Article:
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The Central Asian Republic of Uzbekistan happens to be the second largest exporter of cotton in the world. One third (1/3) of its population works in the billion dollar industry, and a large majority of those individuals are children. In addition to concern over children’s rights, the situation presents an emerging environmental crisis tied to irrigation and natural resource management. With an over-reliance on dangerous pesticides and economic dependence on cotton, the country is in a difficult position. Yet, Uzbekistan is not solely at fault. Western companies are also complicit by negotiating business with industry officials and consistently purchasing product. Similarly, Western consumers (e.g. Americans and Europeans) reinforce the situation by continuing to purchase Uzbek-grown cotton and demanding price-quality paradigms at such a high human and environmental cost.

How do we navigate ourselves out of such complex socio-eco-nomic mess?

Here are some three simple steps that we as consumers can do to make a difference:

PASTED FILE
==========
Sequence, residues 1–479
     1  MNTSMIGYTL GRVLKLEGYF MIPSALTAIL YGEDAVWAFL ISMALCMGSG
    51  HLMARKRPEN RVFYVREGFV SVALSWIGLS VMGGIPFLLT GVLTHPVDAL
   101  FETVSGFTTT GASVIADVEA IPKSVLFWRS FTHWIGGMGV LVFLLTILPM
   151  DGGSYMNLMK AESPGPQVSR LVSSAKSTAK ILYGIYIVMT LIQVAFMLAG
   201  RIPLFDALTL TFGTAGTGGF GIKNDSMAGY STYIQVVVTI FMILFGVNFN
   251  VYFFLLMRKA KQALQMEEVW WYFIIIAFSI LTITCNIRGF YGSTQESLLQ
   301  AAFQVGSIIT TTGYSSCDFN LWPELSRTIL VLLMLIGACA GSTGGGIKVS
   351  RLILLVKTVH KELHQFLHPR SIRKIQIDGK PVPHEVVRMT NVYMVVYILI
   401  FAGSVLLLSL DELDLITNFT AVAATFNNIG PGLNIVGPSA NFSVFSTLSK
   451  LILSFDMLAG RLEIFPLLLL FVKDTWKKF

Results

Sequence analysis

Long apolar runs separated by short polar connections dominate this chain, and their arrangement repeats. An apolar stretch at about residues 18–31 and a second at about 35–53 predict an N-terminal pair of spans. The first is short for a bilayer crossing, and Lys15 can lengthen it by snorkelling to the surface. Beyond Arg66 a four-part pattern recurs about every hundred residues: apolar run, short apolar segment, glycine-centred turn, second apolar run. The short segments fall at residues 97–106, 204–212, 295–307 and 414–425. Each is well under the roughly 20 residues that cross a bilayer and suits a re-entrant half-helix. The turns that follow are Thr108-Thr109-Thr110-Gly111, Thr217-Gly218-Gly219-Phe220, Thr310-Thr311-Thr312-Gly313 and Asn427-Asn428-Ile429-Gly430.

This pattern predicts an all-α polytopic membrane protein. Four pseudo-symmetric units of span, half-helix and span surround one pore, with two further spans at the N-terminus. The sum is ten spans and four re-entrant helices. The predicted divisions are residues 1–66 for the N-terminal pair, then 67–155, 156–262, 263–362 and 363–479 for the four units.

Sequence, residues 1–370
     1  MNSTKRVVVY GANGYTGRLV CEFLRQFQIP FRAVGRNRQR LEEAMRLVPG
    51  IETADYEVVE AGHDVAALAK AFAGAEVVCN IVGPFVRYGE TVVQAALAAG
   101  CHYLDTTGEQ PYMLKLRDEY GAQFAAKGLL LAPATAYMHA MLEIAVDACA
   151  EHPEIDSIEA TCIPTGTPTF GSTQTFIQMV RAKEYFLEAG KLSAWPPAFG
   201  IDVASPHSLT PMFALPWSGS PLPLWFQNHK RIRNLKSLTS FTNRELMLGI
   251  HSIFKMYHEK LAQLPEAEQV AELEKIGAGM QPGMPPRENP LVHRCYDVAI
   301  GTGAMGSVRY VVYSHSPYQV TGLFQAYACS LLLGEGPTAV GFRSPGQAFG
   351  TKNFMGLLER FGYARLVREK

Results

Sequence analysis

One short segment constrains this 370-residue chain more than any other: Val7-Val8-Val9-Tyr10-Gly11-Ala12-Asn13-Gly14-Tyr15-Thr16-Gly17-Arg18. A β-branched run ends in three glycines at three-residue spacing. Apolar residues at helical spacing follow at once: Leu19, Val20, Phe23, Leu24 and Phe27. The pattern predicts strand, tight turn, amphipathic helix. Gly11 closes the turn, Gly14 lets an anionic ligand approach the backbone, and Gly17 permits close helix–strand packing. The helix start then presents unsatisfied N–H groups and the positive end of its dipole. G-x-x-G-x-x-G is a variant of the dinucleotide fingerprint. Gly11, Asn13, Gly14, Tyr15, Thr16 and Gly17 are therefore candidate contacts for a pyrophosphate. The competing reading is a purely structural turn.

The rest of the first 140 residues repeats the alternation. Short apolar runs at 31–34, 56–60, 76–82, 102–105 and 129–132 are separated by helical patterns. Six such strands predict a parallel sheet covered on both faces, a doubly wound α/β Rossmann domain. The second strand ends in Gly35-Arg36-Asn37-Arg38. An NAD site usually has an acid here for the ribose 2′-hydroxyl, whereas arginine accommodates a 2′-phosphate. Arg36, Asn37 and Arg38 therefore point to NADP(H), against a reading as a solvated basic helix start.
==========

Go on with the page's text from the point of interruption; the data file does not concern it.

1) Ask your retailer where your cotton has been sourced. If they don’t know, chances are some or all came from Uzbekistan, or some other country where human rights or environmental abuses are part of the production equation. There are plenty of fair trade, organic options out there, seek them out, buy them and promote them to others.

2) Be wary of inexpensive product. If something is cheap, it is probably too good to be true. Cotton is one of the most expensive, labor, pesticide and water intensive crops to grow in the world. It is associated with huge environmental and human costs. If the end product is very inexpensive, chances are someone or something (e.g. natural resources) is paying the real price. Think before you shop. You can start to change the world through your purchases.

3) Buy green, buy organic and buy fair trade. When laborers and craftsmen are given a fair, living wages, the end product will reflect this cost. In addition, when fabrics are organically grown without harmful pesticides, they can be more expensive to maintain and grow. As conscientious consumers, we need to be willing to assume some of this cost. It’s the best way to drive the market toward greater sustainability and equitability. If enough demand existed, even Uzbekistan would move toward organic crops and higher wage production. The market is more powerful than one might think.

Finally, I encourage you to watch this short video directed, produced and supported by the Environmental Justice Foundation (EJF):

White Gold: The True Cost of Cotton. It is truly enlightening.